An old Heineken friend Amsterdam recently welcomed a very special guest: Mr. John Hunt. Accompanied by his wife, Mr. Hunt was paying a farewell round of visits to his many friends throughout the world before retiring at age 63 from his post as Director of the Brewing Division of the United Africa Company. Since 1953 he has been closely involved with that company's brewery activities in Africa and he helped Heineken take its initial steps in that continent, in Nigeria. John Hunt saw all that country's breweries being built up, for the business there has been a story of continuing success, despite the setbacks that characterized the initial period and the problems which, of course, still crop up today. Heineken helped construct the production units, and John Hunt is full of praise about the splendid work done by HTB (Heineken Technical/ Technological Service Unit) in Nigeria over the years and about its crowning achievement a few months ago, the completion of the brewery in Ibadan. With an initial capacity of 1.1 million hectolitres and located on a site of some 80 hectares, the Ibadan brewery came on stream this year. As he has always been involved in the commercial side of the business, John Hunt can recount many a tale about the uphill battle, particularly in the 1960s, to boost the sales of the locally produced Star and Gulder beers and also sales of imported Heineken before it was brewed locally. Nowadays marketing has become almost an exact science, but in those years the right decisions were based more on a good nose for business. In the late 'fifties it was certainly an excellent publicity stunt to send up an inflatable Star beer bottle - a balloon 31 metres long and 9 metres in diameter - to advertise the brand in the sky above Lagos. But who would ever have expected the competitors to bring that balloon back down to earth, only a few weeks later, with four well-aimed rifle shots? And, as a further example of the competitors' underhand tactics in those years: the representatives from the competitors who bought in twenty cartons of Star beer, unpacked them and left the bottles to stand in the sun for a day. Then, certain that the beer had been completely spoilt by the hot tropical sun, they put them back on sale again. What answer is there to business practices like that? In spite of such contretemps, John Hunt still believes "It's been great fun and it was always a pleasure to work together with Heineken". Does he plan to stop working now? Definitely not. Although he will have to turn his back on the brewing world, he feels he still needs hard work to keep him on his toes. He also thinks he will always need something to occupy his mind, something to keep him young at heart. So he will therefore be taking up one, perhaps two part-time posts in the educational field. There, too, he will no doubt be able to put his philosophy into practice: "You must only be serious to a certain degree, as you mustn't be afraid to have a good laugh once in a while". We wish John Hunt many more years of laughter. John Hunt (Divisional Managing Director, Brewery Holdings and Services Division of United African Company Ltd.) (left) and his wife say their farewells to J. v. d. Werf (Heineken Executieve Board member). John Hunt takes on the role of temporary captain on an excursion boat touring the Amsterdam canals. 12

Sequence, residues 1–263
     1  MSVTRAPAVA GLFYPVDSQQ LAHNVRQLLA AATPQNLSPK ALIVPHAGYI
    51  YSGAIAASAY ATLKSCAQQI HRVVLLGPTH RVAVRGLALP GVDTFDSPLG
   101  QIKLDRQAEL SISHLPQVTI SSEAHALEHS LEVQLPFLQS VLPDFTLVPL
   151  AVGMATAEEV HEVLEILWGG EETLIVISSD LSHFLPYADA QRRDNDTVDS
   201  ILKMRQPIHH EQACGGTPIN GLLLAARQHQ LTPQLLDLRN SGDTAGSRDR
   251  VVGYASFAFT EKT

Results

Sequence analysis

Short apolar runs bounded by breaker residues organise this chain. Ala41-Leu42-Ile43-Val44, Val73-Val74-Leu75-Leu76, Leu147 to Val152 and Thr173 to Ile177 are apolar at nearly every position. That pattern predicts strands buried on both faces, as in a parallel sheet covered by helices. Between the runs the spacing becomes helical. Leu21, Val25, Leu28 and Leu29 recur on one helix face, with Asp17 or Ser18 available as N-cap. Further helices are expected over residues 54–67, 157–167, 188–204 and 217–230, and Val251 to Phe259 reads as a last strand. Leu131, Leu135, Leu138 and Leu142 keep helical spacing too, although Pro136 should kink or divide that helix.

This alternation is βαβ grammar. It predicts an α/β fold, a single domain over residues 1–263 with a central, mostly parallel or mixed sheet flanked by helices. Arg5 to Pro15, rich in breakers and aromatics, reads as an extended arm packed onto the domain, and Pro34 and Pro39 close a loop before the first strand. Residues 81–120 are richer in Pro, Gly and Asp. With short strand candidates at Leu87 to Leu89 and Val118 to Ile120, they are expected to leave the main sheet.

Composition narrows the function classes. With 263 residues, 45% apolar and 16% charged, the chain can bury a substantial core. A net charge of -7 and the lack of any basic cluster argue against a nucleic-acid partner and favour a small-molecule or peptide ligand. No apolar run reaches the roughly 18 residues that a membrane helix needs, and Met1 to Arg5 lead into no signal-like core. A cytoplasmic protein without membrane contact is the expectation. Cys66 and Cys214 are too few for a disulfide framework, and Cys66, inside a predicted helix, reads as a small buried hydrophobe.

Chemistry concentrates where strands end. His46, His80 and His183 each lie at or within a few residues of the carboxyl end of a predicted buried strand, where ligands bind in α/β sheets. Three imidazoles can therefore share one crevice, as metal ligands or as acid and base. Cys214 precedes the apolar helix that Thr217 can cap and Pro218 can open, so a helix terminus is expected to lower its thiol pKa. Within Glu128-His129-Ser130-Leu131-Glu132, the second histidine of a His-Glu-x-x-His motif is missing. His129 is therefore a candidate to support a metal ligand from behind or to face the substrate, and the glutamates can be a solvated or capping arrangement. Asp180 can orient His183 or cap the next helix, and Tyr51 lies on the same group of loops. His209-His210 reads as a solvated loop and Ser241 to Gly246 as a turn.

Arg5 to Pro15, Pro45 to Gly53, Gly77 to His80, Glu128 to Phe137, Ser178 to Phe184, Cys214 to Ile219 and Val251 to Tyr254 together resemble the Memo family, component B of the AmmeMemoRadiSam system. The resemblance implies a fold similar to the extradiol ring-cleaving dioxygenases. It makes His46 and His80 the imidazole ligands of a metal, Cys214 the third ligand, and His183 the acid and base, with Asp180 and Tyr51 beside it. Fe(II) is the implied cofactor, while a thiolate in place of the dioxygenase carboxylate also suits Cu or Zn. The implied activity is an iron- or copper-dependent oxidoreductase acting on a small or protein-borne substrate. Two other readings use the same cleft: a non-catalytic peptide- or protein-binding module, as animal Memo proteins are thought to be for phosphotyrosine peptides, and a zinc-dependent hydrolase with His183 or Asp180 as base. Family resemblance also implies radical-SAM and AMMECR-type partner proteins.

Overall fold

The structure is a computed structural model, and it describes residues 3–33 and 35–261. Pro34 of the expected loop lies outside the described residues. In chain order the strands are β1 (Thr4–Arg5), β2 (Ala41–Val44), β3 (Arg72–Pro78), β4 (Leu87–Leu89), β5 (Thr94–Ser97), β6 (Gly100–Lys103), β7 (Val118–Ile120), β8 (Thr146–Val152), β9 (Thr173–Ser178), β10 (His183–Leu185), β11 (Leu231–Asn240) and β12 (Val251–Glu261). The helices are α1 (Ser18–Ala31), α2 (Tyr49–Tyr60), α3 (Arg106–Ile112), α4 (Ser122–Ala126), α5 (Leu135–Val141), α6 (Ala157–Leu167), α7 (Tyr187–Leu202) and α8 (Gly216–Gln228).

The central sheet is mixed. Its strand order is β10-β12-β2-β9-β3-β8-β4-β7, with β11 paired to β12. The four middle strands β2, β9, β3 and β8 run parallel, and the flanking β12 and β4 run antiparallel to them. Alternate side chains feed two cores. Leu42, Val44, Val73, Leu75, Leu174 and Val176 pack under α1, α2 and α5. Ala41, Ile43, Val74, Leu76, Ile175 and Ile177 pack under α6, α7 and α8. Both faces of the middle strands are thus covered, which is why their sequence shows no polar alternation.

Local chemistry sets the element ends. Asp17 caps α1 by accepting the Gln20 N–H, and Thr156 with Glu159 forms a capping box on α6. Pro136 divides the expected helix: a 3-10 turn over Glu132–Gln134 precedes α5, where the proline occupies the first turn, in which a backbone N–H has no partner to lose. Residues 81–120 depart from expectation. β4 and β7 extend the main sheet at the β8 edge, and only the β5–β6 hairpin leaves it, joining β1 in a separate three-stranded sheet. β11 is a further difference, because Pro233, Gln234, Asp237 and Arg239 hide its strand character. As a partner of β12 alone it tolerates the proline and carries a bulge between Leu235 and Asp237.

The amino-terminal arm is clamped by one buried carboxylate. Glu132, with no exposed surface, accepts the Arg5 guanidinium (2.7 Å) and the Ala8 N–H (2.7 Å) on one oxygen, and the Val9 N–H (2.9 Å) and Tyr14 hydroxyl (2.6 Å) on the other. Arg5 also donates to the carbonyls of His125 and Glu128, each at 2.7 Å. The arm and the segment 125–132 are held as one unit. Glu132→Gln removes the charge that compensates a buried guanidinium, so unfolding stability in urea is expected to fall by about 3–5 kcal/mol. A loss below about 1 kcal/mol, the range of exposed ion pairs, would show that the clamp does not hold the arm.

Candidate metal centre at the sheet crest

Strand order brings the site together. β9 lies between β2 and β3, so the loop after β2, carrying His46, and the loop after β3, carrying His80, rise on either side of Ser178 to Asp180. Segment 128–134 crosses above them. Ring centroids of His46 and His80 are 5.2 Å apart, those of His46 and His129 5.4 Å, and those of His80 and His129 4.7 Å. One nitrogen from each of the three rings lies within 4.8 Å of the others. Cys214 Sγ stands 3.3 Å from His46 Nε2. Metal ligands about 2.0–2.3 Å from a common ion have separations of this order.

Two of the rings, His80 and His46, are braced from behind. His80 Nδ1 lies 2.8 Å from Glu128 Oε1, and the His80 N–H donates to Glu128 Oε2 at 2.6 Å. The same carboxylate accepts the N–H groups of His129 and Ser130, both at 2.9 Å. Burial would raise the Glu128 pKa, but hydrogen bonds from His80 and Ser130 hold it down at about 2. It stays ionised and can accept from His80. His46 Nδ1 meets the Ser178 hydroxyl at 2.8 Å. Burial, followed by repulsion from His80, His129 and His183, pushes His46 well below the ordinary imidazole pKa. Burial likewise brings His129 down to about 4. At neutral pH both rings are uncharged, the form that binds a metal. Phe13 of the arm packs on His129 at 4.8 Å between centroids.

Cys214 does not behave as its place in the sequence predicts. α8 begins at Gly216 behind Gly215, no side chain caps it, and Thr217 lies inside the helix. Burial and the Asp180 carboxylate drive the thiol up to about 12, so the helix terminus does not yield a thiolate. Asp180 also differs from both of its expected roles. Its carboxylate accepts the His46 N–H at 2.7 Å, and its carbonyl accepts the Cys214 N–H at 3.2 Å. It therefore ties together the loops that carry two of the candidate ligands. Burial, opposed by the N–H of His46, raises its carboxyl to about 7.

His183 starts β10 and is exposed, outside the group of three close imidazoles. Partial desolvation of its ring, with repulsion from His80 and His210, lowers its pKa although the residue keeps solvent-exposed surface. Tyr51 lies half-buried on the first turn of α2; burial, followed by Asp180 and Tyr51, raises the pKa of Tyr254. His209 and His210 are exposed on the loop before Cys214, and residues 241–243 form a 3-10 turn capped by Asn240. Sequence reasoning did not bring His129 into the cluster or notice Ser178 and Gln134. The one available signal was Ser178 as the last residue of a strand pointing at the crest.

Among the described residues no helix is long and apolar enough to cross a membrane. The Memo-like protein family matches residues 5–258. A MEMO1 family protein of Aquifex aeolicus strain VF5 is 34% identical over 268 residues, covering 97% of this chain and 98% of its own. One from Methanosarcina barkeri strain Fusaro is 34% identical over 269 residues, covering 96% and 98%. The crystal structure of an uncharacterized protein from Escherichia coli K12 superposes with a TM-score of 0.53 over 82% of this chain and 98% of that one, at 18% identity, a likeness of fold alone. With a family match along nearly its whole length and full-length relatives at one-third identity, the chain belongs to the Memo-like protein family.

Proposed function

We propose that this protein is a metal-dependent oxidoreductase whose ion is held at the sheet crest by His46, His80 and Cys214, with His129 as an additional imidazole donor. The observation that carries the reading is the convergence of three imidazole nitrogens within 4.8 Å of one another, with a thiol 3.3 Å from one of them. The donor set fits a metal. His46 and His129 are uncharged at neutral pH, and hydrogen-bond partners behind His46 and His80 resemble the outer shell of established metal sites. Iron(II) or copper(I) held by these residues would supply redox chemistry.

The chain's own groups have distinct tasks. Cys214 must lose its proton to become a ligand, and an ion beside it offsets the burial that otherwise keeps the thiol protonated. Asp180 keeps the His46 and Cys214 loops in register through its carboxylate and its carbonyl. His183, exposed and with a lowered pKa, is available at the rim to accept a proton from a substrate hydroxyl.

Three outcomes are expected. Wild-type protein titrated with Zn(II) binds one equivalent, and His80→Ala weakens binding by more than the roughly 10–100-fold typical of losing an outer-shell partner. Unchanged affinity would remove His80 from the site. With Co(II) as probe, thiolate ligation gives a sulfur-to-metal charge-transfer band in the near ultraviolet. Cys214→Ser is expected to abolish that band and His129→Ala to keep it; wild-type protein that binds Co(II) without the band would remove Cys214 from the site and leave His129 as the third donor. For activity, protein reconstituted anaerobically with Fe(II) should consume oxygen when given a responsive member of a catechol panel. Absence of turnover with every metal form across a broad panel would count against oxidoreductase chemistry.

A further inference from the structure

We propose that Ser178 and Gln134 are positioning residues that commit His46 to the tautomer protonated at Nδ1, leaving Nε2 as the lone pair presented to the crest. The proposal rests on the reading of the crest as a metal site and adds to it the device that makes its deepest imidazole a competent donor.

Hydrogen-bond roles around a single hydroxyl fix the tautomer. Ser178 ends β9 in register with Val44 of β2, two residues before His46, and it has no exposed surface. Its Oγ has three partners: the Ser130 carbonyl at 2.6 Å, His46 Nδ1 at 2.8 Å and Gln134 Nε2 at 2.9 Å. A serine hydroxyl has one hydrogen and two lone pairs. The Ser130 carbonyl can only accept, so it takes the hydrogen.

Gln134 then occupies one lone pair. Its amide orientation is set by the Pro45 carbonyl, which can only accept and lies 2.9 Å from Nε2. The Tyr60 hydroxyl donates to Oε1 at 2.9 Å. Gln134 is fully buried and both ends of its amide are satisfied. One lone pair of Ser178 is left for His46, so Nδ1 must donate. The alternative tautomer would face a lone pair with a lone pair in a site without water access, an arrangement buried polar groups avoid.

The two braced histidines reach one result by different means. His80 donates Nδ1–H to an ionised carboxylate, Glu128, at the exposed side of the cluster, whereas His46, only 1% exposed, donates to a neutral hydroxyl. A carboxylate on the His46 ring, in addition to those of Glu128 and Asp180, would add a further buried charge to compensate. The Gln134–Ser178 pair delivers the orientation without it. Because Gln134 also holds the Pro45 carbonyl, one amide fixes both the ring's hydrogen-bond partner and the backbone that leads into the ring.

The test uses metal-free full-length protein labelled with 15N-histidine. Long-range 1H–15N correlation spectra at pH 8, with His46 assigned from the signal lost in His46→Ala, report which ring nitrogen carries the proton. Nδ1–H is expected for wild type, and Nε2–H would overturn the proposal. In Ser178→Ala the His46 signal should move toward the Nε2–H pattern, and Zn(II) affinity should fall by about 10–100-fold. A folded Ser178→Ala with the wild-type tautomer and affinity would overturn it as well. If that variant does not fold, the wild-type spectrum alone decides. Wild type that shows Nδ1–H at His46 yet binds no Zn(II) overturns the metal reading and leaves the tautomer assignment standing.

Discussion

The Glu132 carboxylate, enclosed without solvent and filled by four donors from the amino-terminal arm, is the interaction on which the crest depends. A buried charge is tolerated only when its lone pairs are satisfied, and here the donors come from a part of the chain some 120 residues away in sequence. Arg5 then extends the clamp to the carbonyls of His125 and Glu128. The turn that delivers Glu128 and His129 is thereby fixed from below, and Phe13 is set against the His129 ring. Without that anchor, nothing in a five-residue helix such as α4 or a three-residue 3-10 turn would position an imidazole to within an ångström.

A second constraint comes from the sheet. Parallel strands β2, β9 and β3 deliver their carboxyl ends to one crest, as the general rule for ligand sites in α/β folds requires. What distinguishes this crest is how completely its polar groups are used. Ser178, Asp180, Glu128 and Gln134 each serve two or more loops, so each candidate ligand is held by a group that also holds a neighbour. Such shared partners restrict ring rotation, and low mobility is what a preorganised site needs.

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Heineken Contact | 1982 | | pagina 12